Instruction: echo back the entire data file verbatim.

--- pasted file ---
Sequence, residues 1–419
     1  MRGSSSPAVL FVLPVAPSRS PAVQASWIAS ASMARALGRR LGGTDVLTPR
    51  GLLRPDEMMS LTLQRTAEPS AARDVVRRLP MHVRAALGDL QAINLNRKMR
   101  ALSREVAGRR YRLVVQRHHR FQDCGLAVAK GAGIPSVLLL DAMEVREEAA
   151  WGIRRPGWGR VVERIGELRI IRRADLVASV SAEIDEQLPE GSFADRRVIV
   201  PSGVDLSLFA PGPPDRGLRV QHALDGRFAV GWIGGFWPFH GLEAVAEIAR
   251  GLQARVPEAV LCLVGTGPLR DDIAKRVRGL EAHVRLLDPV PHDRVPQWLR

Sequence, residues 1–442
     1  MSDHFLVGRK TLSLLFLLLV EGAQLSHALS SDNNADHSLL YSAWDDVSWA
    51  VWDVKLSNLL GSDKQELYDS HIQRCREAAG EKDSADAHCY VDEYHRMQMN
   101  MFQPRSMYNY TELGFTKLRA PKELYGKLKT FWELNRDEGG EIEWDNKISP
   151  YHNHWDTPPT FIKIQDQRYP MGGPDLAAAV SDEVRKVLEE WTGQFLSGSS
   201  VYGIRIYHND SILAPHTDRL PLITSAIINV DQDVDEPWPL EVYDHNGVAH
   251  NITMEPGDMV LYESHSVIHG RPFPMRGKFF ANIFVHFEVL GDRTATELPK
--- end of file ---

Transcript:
Sequence, residues 1–419
     1  MRGSSSPAVL FVLPVAPSRS PAVQASWIAS ASMARALGRR LGGTDVLTPR
    51  GLLRPDEMMS LTLQRTAEPS AARDVVRRLP MHVRAALGDL QAINLNRKMR
   101  ALSREVAGRR YRLVVQRHHR FQDCGLAVAK GAGIPSVLLL DAMEVREEAA
   151  WGIRRPGWGR VVERIGELRI IRRADLVASV SAEIDEQLPE GSFADRRVIV
   201  PSGVDLSLFA PGPPDRGLRV QHALDGRFAV GWIGGFWPFH GLEAVAEIAR
   251  GLQARVPEAV LCLVGTGPLR DDIAKRVRGL EAHVRLLDPV PHDRVPQWLR

Sequence, residues 1–442
     1  MSDHFLVGRK TLSLLFLLLV EGAQLSHALS SDNNADHSLL YSAWDDVSWA
    51  VWDVKLSNLL GSDKQELYDS HIQRCREAAG EKDSADAHCY VDEYHRMQMN
   101  MFQPRSMYNY TELGFTKLRA PKELYGKLKT FWELNRDEGG EIEWDNKISP
   151  YHNHWDTPPT FIKIQDQRYP MGGPDLAAAV SDEVRKVLEE WTGQFLSGSS
   201  VYGIRIYHND SILAPHTDRL PLITSAIINV DQDVDEPWPL EVYDHNGVAH
   251  NITMEPGDMV LYESHSVIHG RPFPMRGKFF ANIFVHFEVL GDRTATELPK